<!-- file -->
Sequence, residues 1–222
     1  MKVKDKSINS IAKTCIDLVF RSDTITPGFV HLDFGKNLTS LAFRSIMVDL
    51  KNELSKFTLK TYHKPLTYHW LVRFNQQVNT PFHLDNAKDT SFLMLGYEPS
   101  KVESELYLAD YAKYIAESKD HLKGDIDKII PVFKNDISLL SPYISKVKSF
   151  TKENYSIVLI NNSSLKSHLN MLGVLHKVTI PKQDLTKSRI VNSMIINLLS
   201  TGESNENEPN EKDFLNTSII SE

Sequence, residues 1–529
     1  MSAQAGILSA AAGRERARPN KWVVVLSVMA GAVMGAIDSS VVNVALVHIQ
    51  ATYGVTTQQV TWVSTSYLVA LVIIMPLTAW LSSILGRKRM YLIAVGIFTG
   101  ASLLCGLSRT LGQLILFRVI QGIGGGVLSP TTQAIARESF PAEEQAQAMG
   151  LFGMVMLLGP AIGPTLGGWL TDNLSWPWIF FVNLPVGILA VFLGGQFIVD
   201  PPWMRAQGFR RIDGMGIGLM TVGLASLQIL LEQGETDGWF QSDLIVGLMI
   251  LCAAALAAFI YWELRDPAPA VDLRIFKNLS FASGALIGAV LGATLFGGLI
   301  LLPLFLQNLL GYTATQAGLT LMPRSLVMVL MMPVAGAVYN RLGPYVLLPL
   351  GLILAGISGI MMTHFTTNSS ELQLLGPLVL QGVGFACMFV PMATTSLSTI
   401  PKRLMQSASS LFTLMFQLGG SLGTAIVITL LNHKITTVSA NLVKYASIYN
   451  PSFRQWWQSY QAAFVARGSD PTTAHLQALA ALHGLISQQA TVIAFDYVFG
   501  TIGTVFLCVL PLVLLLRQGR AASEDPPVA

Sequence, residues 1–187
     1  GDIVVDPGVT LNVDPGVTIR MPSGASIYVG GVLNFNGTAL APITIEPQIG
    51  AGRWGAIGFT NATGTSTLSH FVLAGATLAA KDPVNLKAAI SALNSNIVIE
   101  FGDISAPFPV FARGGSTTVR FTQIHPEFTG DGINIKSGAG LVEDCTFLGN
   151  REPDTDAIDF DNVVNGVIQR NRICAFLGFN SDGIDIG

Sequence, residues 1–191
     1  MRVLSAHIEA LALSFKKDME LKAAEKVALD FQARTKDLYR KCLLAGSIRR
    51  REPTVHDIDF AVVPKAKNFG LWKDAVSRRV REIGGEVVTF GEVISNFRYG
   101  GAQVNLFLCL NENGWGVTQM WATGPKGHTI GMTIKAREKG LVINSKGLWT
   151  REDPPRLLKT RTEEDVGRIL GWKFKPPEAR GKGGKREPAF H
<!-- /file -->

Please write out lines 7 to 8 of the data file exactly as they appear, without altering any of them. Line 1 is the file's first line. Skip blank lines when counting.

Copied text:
Sequence, residues 1–529
     1  MSAQAGILSA AAGRERARPN KWVVVLSVMA GAVMGAIDSS VVNVALVHIQ